“You should have a reading and listening jam session, engaging bell hooks’ Paulo Freirean-inspired critiques of structures and systems of power in Teaching Community: A Pedagogy of Hope (2003) while absorbing the liberatory sounds of the Wynton Marsalis Quintet’s “Free to Be” (2004). In ensemble, these two works offer at once intensely personal and collaborative learning frameworks for creative action. In Teaching Community hooks interrogates how our gendered, sexualized and racialized bodies intersect and operate in the context of historically segregated educational institutions. Yet, she insists that when working in solidarity with and in diverse communities beyond the university, “democratic educators” can foster a pedagogy of hope. Similarly, as a cultural form born from resistance to oppression and as an expression of freedom, jazz music –as exquisitely interpreted by Marsalis in “Free to Be”– functions through three interconnected elements. It grounds us in the historical pain and blues of inequality and discrimination; it celebrates individual creativity and strength in improvisation; and it promises that, if we intentionally and empathetically listen to and collaborate with each other, the music and experience will swing!”


Mark Overmyer-Velázquez,
Professor of History and Latino & Latin American Studies
University of Connecticut – Hartford

You SHOULD…Read: The Anatomy of Fascism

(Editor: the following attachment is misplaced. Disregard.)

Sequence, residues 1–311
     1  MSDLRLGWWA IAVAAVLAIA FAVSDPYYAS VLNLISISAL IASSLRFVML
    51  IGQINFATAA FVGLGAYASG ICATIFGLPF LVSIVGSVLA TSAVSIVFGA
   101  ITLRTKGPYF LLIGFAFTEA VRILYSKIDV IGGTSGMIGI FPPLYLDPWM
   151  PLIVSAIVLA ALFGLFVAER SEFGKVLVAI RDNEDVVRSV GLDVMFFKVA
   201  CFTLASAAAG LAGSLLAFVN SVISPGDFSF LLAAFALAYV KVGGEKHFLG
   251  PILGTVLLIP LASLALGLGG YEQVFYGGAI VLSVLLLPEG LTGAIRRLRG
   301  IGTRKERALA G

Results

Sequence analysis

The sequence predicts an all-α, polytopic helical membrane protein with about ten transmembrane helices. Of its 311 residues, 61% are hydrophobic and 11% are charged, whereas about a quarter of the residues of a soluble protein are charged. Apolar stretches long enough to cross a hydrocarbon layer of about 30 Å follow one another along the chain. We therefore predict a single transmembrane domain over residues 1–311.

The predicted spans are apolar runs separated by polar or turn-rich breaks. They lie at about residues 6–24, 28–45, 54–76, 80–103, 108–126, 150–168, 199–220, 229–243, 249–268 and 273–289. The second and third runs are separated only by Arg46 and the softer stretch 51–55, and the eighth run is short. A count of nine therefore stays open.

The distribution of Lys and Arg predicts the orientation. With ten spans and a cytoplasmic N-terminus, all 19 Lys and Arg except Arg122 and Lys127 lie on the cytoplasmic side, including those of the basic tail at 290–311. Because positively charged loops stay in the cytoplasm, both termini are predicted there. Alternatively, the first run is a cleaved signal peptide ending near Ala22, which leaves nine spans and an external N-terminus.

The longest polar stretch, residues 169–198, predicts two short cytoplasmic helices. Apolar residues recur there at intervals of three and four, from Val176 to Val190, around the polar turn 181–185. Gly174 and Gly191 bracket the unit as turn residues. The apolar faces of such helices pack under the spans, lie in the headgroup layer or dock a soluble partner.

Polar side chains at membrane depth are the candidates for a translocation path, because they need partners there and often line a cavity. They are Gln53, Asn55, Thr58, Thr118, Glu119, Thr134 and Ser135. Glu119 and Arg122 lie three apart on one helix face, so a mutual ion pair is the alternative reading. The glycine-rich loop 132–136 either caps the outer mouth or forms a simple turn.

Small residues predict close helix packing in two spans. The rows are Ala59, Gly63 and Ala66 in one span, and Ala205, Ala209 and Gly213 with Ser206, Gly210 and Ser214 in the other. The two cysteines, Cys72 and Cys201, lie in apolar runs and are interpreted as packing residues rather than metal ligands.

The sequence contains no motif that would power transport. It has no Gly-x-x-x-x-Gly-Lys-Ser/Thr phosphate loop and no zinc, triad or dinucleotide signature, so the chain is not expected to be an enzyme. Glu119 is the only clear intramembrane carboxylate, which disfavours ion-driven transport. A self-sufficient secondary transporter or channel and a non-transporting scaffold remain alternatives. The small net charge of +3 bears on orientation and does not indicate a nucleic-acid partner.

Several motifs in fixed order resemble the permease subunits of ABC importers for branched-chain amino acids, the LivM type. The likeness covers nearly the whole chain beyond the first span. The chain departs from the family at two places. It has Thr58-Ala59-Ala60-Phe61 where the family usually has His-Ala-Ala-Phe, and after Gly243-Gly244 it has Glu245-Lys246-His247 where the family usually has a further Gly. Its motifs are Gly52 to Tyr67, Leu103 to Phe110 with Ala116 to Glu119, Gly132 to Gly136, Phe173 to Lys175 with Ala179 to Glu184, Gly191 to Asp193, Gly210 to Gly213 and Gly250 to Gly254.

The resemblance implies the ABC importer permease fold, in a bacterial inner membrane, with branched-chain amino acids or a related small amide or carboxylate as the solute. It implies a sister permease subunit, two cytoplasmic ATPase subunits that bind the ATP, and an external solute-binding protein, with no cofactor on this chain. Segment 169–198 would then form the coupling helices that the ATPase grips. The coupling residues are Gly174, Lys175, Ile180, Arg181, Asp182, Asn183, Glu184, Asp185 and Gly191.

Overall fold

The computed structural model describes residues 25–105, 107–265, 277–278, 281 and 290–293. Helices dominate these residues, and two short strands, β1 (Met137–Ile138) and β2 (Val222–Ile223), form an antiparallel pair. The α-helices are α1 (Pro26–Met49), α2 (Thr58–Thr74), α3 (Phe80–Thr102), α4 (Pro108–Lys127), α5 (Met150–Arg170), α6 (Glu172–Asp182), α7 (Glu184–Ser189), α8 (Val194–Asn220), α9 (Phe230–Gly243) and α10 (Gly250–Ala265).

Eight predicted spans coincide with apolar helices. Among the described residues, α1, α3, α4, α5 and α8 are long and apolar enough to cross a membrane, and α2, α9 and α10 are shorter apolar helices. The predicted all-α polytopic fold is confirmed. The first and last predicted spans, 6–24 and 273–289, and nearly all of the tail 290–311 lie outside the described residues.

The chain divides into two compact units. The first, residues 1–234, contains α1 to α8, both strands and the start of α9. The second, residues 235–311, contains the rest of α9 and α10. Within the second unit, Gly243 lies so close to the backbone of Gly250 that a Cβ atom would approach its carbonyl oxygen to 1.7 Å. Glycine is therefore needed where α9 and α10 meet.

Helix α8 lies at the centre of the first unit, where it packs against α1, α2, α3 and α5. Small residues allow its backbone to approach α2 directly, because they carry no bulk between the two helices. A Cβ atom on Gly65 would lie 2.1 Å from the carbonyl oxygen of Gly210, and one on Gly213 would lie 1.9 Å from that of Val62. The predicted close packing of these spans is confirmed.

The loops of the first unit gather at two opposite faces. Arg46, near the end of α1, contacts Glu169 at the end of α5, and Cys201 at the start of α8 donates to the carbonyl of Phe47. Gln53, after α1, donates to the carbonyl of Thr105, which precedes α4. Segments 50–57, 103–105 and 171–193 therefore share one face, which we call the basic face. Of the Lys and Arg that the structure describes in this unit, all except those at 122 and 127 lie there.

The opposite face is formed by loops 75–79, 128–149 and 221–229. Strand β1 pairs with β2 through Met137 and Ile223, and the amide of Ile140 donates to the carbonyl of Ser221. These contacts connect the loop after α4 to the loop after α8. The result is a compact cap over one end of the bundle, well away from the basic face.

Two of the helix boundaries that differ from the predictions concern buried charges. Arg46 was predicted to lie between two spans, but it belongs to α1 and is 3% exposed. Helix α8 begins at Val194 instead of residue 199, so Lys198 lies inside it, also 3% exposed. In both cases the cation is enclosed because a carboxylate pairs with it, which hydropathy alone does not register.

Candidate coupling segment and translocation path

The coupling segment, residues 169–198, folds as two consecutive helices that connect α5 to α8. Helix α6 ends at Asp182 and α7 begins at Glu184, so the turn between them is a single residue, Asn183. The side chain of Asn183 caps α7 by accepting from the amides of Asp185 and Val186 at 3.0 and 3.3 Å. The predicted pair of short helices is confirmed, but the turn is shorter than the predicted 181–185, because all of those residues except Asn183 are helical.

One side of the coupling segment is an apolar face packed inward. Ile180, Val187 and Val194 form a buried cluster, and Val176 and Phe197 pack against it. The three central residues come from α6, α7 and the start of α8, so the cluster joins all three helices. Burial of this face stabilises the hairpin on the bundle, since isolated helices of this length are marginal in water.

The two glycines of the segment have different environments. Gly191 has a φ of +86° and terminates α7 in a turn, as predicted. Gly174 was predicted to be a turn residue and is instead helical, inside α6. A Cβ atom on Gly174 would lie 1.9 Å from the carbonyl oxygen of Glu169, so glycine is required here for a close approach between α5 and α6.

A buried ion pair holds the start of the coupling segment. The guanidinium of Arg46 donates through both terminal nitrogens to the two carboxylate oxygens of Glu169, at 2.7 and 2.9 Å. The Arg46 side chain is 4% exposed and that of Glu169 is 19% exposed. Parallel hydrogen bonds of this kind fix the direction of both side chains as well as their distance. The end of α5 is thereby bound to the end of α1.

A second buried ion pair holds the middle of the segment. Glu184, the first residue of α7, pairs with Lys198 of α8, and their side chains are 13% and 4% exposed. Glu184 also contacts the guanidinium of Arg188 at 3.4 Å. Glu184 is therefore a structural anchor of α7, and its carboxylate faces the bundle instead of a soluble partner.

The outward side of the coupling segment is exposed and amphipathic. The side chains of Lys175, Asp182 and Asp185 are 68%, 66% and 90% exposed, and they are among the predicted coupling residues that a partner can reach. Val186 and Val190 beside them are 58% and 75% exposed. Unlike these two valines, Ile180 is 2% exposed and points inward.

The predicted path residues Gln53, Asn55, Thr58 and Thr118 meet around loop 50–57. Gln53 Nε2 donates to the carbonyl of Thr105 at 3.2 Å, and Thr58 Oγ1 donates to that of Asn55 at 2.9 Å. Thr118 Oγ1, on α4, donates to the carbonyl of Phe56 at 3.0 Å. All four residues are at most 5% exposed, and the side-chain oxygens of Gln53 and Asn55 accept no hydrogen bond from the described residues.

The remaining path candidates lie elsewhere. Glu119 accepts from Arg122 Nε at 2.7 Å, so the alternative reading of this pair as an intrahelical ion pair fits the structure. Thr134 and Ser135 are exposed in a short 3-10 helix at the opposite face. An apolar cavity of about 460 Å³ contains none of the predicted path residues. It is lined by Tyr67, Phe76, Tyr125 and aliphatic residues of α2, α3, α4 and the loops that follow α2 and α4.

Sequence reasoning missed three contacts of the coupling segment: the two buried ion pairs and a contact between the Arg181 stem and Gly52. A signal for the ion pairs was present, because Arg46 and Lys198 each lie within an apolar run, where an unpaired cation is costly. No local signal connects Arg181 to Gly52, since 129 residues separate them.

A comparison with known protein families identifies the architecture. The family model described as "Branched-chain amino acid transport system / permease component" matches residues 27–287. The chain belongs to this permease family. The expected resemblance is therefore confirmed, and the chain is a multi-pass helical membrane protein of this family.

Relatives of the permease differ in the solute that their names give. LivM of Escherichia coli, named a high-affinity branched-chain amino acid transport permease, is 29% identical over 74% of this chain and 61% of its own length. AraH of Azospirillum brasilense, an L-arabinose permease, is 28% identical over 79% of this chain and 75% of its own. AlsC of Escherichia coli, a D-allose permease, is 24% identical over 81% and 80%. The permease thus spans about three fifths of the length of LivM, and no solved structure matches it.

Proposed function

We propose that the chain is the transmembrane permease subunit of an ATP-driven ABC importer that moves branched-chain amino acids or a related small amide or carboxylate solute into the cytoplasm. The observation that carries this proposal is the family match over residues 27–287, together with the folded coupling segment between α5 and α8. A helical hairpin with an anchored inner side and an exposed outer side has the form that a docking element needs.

“To help navigate these incredibly dark times and put them into historical perspective, you should definitely read Robert Paxton’s The Anatomy of Fascism.  I meet people all the time who want to learn more about fascism, but don’t know where to begin.  The pile of books that have been published on the subject could form its own mountain, and the sheer range of options can be overwhelming.  I’ve had to take a big bite out of this mountain for my own research, and I can say that if you have time to read just one book on the subject, it should be this one.

I like it because of its accessibility and avoidance of jargon, its broad scope, and because it is attuned to the contemporary relevance of his subject.  As such, he’s not afraid to say that fascism lives on in present day.  Published in 2004, Anatomy of Fascism was not conceived with the current crisis in mind, which makes it less topical and more powerful in my view.  But I like it most of all because it’s argument is solid.  Paxton doesn’t pull any cheap shots to make his subject topical.  Instead, like a good historian, he honors the specificity of pre-WWII European politics and culture, and lets his readers draw their own conclusions.

Paxton, now retired from Columbia University, argues that fascist movements can’t be defined by their political platforms – these change as values change, and fascist states shifted their policies quite often anyway.  A steadier indicator of a fascist movement is its “mobilizing passions” – that is, the emotional triggers and underlying desires that fire up its political base (you’ll have to read the book to find out what these triggers are).  Further, he argues that fascist movements rely on the enablement of traditional conservatives: if an aging conservative establishment had not given Hitler and Mussolini the keys to the kingdom, their movements would have likely died on the vine.  With an eye to the present, Paxton writes, “Fascists are close to power when conservatives begin to borrow their techniques, appeal to their ‘mobilizing passions,’ and try to co-opt the fascist following.”



-Christopher Vials,
Associate Professor of English & Director of American Studies
University of Connecticut



You SHOULD…Listen: to Running for the Drum